@gargi.adhikari ε(1) and ε(2) are independently (ie, uncorrelated) randomly generated standard normals, N(0,1); the learning XLS is helpful here, these are each given by the same =ROUND(NORMSINV(RAND()),2). Z(1) pulls from the ε(1) without altering it, but Z(2) needs to translate ε(2) in order to generate a correlated but still random standard normal with the expression: z(2) = ρ*ε(1) + ε(2) *sqrt(1-ρ^2); in the above, z(2) = 0.80*-1.460 + -1.520*sqrt(1-0.80^2) = -2.08.
So here Z(1) = ε(1) = -1.460 but Z(2) = -2.08, which is the random normal -1.520 transformed into a correlated-to-ε(1) random standard normal of -2.08.
But Z(1) and Z(2) are now just the embedded correlated standard normals, as the final step they are scaled by their respective mean and σ; e.g., X(2) = 5 + 9*Z(2). I hope that clarifies!
@gargi.adhikari (1.460) with parens is negative, compare it to positive 0.990 (third to last) although, apologies, they aren't colored red like the other columns so it could be clearer. This page can be improved (cc: @Nicole Seaman can we task for minor update please): also the E(1) and E(2) switches to X(1) and X(2) which is not helping as the concept is already hard enough. Thanks!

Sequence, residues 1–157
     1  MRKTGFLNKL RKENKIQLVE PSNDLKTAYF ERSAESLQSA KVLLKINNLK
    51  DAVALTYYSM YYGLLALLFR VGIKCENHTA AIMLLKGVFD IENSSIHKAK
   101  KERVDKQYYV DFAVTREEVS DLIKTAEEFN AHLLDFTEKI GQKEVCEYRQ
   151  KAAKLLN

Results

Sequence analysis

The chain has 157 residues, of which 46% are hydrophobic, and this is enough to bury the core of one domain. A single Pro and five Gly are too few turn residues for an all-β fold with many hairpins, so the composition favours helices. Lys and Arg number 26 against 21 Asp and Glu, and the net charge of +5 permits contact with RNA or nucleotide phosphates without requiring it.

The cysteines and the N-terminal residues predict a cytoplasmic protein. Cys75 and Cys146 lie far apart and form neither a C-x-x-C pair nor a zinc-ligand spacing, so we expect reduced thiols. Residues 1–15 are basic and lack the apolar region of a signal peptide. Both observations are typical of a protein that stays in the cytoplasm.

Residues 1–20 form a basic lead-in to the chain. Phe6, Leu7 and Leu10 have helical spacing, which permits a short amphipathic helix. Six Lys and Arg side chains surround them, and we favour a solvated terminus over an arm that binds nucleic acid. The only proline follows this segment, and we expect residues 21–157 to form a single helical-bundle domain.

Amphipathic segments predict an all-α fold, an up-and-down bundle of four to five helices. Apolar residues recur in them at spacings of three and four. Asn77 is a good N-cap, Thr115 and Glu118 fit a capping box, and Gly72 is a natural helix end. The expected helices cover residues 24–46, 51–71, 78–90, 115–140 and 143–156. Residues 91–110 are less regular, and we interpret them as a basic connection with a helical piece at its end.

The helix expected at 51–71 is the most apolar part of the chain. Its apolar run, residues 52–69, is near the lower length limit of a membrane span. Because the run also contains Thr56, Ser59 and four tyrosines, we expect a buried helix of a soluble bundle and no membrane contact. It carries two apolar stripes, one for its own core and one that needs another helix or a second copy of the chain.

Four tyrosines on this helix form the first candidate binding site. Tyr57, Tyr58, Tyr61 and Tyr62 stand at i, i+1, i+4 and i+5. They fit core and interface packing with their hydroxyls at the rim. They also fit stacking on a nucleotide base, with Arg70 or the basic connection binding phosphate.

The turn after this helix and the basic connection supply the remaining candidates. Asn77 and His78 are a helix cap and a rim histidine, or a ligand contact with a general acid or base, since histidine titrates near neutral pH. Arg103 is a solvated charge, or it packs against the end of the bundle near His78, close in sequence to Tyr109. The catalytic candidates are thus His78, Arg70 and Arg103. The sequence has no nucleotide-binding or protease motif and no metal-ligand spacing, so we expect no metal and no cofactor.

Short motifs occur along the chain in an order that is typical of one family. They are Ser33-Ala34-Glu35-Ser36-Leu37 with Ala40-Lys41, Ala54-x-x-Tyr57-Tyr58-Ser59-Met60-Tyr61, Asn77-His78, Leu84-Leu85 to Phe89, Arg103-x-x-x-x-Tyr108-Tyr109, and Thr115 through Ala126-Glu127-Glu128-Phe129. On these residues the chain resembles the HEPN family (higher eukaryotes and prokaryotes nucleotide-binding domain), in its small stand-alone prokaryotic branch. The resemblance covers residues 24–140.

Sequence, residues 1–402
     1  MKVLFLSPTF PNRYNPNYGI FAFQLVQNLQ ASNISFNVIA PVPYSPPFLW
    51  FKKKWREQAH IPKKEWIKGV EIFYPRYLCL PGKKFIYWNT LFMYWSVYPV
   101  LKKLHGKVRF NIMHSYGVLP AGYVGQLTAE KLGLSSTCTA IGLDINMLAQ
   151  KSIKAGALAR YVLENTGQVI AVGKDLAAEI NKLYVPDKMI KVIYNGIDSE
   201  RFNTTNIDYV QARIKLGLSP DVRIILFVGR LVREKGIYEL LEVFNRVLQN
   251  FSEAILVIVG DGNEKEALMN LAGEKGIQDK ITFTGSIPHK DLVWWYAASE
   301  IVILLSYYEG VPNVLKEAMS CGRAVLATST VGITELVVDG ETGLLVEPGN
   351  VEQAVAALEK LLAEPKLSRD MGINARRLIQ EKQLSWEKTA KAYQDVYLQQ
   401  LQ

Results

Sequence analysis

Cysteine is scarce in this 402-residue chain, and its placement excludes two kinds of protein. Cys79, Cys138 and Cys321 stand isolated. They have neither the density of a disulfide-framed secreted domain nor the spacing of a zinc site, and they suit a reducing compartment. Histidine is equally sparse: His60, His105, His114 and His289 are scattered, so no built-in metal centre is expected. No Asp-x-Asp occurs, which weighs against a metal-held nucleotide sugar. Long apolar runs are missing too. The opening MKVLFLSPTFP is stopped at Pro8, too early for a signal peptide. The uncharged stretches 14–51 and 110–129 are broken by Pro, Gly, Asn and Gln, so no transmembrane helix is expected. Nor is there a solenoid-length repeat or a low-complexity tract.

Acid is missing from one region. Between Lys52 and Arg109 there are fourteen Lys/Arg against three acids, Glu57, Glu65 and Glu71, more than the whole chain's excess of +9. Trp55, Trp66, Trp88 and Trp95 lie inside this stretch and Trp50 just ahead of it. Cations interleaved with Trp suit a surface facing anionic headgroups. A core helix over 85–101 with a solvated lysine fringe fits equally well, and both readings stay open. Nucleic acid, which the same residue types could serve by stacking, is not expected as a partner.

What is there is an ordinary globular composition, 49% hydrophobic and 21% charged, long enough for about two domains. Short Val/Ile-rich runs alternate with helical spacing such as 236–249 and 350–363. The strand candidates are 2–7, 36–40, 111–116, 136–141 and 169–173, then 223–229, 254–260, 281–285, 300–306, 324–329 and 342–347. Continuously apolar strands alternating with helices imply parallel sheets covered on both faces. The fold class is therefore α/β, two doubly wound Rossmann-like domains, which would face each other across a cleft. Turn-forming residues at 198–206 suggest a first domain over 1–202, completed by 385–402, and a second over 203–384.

@David Harper CFA FRM A follow Up question on this Topic for Clarification... Slide # 1:
Slide #1, says Z1 & Z2 are the Independent Standard Normal Samples and we generate Correlated Samples e1 & e2 from the Independent samples Z1 & Z2 using the formula e2= rho* Z1 + Z2* SQRT(1-who^2) which is good
But Slide 2 while describing the numerical example says e1 & e2 are the Independent Standard-Normal variables...when as per Slide e1 & e2 should be correlated...
Could you please confirm if e1 & e2 are actually Correlated and generated as such..? Thanks - hope I am not missing something here... :-(
Slide # 2:
Not sure whether the slides appeared back-to-back in the original material, both are correct, but the notation is different. If you pay attention in slide 1 the bivariate correlated variables are E1 and E2, with Z1 and Z2 the univariate independent random variables, where the letter Z is commonly used to refer to N(0,1) variables (think z-score!). In slide 2 the bivariate correlated variables are X1 and X2, with the univariate independent random variables designated by epsilon1 and epsilon2, where the letter epsilon (not capital E) is also commonly used to refer to N(0,1) variables in some other context (think regression residuals!). Bottom line, I don't think you're missing anything, just be mindful that the notation for some variables may use different letters. This should not be too confusing if you're clear about what the structure of the expression should look like.